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She often threw out such hints in the presence of Agnes; but the heart knoweth its own bitterness, and a stranger intermeddleth not with its joy;' and so Agnes Dormer garnered up her joys and sorrows, and kept silence. Helen Irby was a woman of the world, and she acted, thought, and spoke accordingly: she did not comprehend the inward life of such a being as her friend. Her quietness, cheerful submission, and apparent indifference completely deceived Helen as to the real state of her affections. So long as Reginald continued true, so long could Agnes endure that frightful blank of existence which follows crushed hopes and forbidden love; she existed on memory and faith (women can do this); she was more blessed in treasuring his dear memory, though for ever separated, than in any joys this world could bestow. Helen came to the sage conclusion that, after all, it had been a mere boy-and-girl affair-something to be ashamed of hereafter, and forgotten now.' Helen told her mother so, insisted so to herself; but there was a little, a very little corner in her woman's heart, which whispered another tale in a low, melodious voice, sad and sweet as the dying notes of the lonely swan floating down to die.

There was so much of pain and uncertainty in her intercourse with Lady Irby and Helen, that Agnes felt as if change of scene would be a welcome relief; and when the tidings arrived at Maud Chapel Farm of Captain Dormer's return from a long voyage, summoning Mr and Mrs Walsingham and his daughter to the distant port where he had come to anchor, they were all three glad of the anticipated journey. Even the old couple commenced preparations with alacrity, averse as they usually were to quit their pleasant home; but they could not altogether become reconciled to Agnes passing over so forgivingly "the impertinences of those Irbys.' When Agnes had last parted with her father she was little more than a child, but she remembered his boisterous demonstrations of affectior, and blunt, honest ways with a slight sensation of inward shrinking, for which she cordially upbraided herself. On the arrival of the travellers at the port of F-they found Captain Dormer busily employed in establishing himself in a commodious house, situated the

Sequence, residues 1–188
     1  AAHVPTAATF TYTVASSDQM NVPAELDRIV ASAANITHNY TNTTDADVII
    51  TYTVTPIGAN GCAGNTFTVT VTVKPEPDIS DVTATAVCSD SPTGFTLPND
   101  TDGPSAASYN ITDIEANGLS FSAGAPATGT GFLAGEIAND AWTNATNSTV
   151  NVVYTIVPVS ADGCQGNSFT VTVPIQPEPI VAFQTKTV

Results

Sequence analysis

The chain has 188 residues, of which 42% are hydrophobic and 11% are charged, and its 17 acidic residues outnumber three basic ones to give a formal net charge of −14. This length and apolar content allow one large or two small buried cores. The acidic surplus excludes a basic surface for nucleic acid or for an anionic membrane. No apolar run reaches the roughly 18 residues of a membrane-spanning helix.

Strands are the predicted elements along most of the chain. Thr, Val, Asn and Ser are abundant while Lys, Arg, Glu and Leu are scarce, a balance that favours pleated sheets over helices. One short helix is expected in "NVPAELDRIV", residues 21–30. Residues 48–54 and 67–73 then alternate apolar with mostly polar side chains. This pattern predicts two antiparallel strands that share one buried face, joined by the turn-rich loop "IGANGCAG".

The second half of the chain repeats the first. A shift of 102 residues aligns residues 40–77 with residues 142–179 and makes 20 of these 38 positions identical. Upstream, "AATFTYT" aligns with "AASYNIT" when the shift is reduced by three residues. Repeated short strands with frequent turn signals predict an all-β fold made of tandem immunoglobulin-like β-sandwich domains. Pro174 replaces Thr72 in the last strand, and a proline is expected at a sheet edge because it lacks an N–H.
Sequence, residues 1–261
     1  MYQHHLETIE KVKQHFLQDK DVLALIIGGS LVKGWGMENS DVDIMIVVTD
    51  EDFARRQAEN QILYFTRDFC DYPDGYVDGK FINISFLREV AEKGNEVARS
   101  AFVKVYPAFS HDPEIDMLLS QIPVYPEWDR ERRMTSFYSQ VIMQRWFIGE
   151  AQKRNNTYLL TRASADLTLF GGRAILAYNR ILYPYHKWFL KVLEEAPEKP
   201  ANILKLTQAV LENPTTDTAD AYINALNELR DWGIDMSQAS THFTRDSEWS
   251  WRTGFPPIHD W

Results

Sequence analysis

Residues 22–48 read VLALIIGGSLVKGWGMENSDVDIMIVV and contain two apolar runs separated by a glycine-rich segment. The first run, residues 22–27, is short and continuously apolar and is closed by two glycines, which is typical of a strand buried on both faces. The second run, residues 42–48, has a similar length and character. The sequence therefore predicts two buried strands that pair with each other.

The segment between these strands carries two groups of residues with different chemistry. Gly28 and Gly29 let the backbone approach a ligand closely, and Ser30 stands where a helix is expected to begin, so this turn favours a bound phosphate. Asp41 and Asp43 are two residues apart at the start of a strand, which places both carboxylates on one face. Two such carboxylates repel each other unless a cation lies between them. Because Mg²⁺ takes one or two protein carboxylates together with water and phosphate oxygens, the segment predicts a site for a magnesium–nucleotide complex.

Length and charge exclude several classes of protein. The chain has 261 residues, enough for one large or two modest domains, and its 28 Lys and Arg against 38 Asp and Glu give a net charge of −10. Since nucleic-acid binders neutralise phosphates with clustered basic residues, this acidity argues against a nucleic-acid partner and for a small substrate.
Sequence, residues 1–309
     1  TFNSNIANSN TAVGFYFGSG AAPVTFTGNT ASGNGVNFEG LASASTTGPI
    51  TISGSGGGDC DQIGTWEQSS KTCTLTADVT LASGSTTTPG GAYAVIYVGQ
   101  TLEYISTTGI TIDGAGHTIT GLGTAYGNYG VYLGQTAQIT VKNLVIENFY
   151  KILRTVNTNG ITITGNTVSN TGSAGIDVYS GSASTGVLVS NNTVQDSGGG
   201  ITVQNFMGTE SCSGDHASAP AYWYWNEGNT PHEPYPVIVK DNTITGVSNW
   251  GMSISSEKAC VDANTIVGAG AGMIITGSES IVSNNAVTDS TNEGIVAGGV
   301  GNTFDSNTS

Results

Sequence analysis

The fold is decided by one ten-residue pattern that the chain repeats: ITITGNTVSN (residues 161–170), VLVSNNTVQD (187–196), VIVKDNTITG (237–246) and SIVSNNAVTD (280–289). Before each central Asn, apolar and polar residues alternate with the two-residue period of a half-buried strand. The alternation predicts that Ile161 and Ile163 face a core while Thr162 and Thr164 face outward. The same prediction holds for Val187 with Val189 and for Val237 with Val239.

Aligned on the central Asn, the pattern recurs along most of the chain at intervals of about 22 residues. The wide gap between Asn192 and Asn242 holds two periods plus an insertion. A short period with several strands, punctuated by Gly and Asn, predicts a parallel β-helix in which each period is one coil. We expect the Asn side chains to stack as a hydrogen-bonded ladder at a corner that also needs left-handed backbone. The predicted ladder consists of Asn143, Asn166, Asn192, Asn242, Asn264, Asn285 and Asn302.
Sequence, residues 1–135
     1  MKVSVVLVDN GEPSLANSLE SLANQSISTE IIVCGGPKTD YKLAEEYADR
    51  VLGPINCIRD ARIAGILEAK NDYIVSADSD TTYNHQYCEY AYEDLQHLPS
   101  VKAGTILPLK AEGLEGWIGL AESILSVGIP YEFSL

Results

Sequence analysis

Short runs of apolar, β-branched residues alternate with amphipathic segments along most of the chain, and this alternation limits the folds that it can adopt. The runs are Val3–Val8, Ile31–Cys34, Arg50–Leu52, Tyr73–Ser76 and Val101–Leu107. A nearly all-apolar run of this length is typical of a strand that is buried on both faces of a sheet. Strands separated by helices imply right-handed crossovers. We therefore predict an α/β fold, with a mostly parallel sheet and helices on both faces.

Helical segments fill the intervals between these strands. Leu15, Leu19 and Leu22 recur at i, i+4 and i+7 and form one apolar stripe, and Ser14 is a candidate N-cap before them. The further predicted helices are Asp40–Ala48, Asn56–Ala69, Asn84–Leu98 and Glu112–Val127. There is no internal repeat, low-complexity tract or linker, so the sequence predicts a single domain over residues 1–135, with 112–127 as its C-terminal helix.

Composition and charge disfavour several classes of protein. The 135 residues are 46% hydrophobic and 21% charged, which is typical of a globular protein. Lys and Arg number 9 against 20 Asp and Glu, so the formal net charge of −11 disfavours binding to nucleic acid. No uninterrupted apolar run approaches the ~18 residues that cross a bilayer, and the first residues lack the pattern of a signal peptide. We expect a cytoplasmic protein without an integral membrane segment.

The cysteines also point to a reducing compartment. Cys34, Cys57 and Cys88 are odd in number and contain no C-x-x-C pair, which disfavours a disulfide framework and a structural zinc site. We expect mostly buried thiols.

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heart of the bustling town, which he preferred to all others in the universe. It had been his prayer by day and dream by night to obtain possession of this identical mansion, furnishing it according to his own taste, and with Agnes for his housekeeper and companion, to sit down in peace for the remainder of his days! And to the utter dismay and surprise of Mr and Mrs Walsingham, no less than of Agnes, he acquainted them with his intention of abandoning the sea, and enjoying a pipe on shore, pointing out to their observation several capacious leathern arm-chairs, intended for the luxurious ease of himself and those brother mariners who like him frequented the port, and would drop in for sociable chat in all weathers. And what could Mr or Mrs Walsingham advance against the claims of a father? What could they urge to prevent Captain Dormer indulging his own tastes in his own way? A crowded and dirty seaport town was not indeed a home for the delicate and elegant Agnes; but then it